Vice President Coolidge swearing in. • • Warren G. Harding died August 2 nd, 1923. – Harding was ill from eating tainted crabs while on a trip to Alaska & California. – He was also suffering from bronchial pneumonia. Calvin Coolidge, Harding’s VP was sworn into office on a farm in Vermont, by his father, a notary public at 2: 30 am, August 3, 1923. – He was resworn the next day in Washington D. C. by a Supreme Court Justice. – He was on vacation with family during the summer of 1923.

y l i m a f & e g d i l President Coo

y l i m a f & e g d i l President Coo • President Coolidge was a devote family man. – Enjoyed spending time with family vs. time with political leaders from around the country & the world. • Averaged a 4 -hour work day. • He was one not to indulge in the extravagance of the 1920’s lifestyle. • He was Pro business, as the US economy improved, Coolidge advocated more & more that government should be guided by business principles & practices.

Coolidge, Mellon & Hoover • • Political cartoons like this depicted Coolidge’s opinion on

Coolidge, Mellon & Hoover • • Political cartoons like this depicted Coolidge’s opinion on running for reelection in the 1928 election. Coolidge refused the Republican party’s nomination for President. – Opened the way for Herbert Hoover. • • • 1924 - “Keep it Cool with Coolidge” Election of Coolidge, here with Secretary of Treasury Mellon & Secretary of Commerce, Hoover. All 3 men were pro business. – Industrial output DOUBLED during period 1921 - 1929 – Silent government/laissez-faire in its approach to US business.

Herbert Hoover • Hoover campaigning in NYC at the Metropolis. – – • “Rugged

Herbert Hoover • Hoover campaigning in NYC at the Metropolis. – – • “Rugged individualism” was his philosophy. – • Self-made millionaire by 40 Standford University graduate. Through Hard work & diligence, the American Dream could be possible. Personified the Republican party base. – Midwestern, small-town Protestant white American voters. • Personal & Political views included: – – Conservative Pro-business Advocate of small federal government Belief in the individual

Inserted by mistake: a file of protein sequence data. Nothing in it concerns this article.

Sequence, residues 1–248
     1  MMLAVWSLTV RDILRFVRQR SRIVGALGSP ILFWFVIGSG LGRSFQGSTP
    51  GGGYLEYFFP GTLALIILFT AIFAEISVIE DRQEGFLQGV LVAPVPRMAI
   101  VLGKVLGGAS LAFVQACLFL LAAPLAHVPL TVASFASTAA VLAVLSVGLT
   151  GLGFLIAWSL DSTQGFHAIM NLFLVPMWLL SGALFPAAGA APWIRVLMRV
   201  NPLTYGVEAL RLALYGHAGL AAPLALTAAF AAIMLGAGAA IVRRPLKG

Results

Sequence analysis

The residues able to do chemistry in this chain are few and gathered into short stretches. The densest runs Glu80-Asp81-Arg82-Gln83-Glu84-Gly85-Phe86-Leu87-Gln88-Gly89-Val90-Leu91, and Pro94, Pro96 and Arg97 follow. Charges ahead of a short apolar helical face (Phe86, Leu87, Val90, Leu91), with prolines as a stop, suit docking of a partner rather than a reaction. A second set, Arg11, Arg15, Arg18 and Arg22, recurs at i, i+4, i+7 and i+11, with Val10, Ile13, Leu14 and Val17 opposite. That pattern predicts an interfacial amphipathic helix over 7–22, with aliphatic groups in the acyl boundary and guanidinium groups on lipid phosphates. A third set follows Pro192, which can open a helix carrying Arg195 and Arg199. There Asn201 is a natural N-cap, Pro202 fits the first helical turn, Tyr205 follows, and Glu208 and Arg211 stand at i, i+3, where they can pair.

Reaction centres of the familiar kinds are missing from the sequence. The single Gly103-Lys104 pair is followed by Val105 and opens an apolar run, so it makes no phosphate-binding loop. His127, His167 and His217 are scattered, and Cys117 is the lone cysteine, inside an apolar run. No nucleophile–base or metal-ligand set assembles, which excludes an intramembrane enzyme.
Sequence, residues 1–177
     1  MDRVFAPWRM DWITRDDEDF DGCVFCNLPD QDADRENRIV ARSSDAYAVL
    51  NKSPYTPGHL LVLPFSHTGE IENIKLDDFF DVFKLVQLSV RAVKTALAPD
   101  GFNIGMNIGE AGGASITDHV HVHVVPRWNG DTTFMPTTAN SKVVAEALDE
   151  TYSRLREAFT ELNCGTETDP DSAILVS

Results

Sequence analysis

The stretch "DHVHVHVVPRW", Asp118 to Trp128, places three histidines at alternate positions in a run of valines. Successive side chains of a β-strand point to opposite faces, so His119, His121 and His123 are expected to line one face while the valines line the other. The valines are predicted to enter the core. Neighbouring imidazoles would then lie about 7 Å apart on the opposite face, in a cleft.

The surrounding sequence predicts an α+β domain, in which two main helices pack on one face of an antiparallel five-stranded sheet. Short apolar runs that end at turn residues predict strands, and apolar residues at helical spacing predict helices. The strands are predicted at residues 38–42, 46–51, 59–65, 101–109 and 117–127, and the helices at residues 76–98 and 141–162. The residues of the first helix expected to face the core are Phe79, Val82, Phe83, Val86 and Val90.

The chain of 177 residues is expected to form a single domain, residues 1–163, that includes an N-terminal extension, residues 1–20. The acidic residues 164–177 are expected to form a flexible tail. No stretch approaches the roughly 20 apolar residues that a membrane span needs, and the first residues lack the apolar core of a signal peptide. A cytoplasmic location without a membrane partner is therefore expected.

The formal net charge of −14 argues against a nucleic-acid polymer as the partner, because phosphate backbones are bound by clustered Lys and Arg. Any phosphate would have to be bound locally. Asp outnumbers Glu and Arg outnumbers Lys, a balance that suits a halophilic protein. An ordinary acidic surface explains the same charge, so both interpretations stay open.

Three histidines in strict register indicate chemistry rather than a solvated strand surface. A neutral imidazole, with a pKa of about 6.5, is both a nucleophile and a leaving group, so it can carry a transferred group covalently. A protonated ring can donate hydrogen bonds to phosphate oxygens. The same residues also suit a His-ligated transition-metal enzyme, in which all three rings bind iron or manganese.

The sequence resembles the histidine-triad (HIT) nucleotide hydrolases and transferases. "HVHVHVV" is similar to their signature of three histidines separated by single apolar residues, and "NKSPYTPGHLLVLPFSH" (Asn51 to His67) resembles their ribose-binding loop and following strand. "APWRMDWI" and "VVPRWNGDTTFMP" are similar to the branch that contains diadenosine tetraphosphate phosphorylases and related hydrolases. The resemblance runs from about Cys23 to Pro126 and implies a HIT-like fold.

1928: Herbert Hoover vs. Alfred E. Smith

1928: Herbert Hoover vs. Alfred E. Smith

US - Life in the 1920 s –Lifestyles of the 1920 s –Post -

US - Life in the 1920 s –Lifestyles of the 1920 s –Post - WWI Tensions –Republican Leadership during the 1920 s

“Roaring Twenties” “Golden Twenties” “Jazz Age” • Based on these phrases, what do you

“Roaring Twenties” “Golden Twenties” “Jazz Age” • Based on these phrases, what do you think it was like to live in the 1920’s?

 • Women won the right to vote: – 19 th Amendment, 1920 •

• Women won the right to vote: – 19 th Amendment, 1920 • Change in fashion – “Flappers” – Short Skirts, short hairdos – Lipstick • Change in the work place and leisure. Role of Women

Prohibition • 1917 - Congress passed the 18 th Amendment – Ratified in 1919

Prohibition • 1917 - Congress passed the 18 th Amendment – Ratified in 1919 • “Bootlegging” Liquor • “Speak-Easies” • 1933 - Congress passed 21 st Amendment – Ending Prohibition.

 • Becomes a big Business/Entertainment • “Heros” – Baseball: Babe Ruth & Ty

• Becomes a big Business/Entertainment • “Heros” – Baseball: Babe Ruth & Ty Cobb – College Football – Boxing: Joe Dempsey Sports

r e m u s n Co ts i b Ha • Industrial improvements

r e m u s n Co ts i b Ha • Industrial improvements of the 1920 s focused on consumer goods: – Ice boxes, Autos, & radios • Supermarkets were introduced: – Invention of cellophane

Douglas Fairbanks Lillian Gish Movies & Film • Motion Picture was a popular past

Douglas Fairbanks Lillian Gish Movies & Film • Motion Picture was a popular past time • Movie stars as celebrities grew. – Movie studios began to market films to public’s choice Clara Bow Mary Pickford • Miss America pageant – Atlantic City, 1921

“The Jazz Singer” • 1927 musical film. 1 st full length feature motion picture,

“The Jazz Singer” • 1927 musical film. 1 st full length feature motion picture, using synchronized dialogue. • “Talkies” film.

New Transportation • 1920 - 9 million registered autos • 1930 - 27 million

New Transportation • 1920 - 9 million registered autos • 1930 - 27 million registered autos – Tripled • 1920 - 387, 000 miles of roads • 1929 - 662, 000 miles of roads – Doubled • 2009 - 6. 1 Million miles • Henry Ford & the assembly line production • Auto industry employed 3. 7 million people in 1929.

Air Travel • 1927, First Trans. Atlantic Air Flight. • Within 1 year, air

Air Travel • 1927, First Trans. Atlantic Air Flight. • Within 1 year, air travel grew 4 x. Charles Lindbergh, 25 years old • May 12, 1927. Flew from San Diego, CA to Long Island, NY (22 hours) • May 20, 1927 Flew from Long Island, NY USA to Paris, France. (38 hours)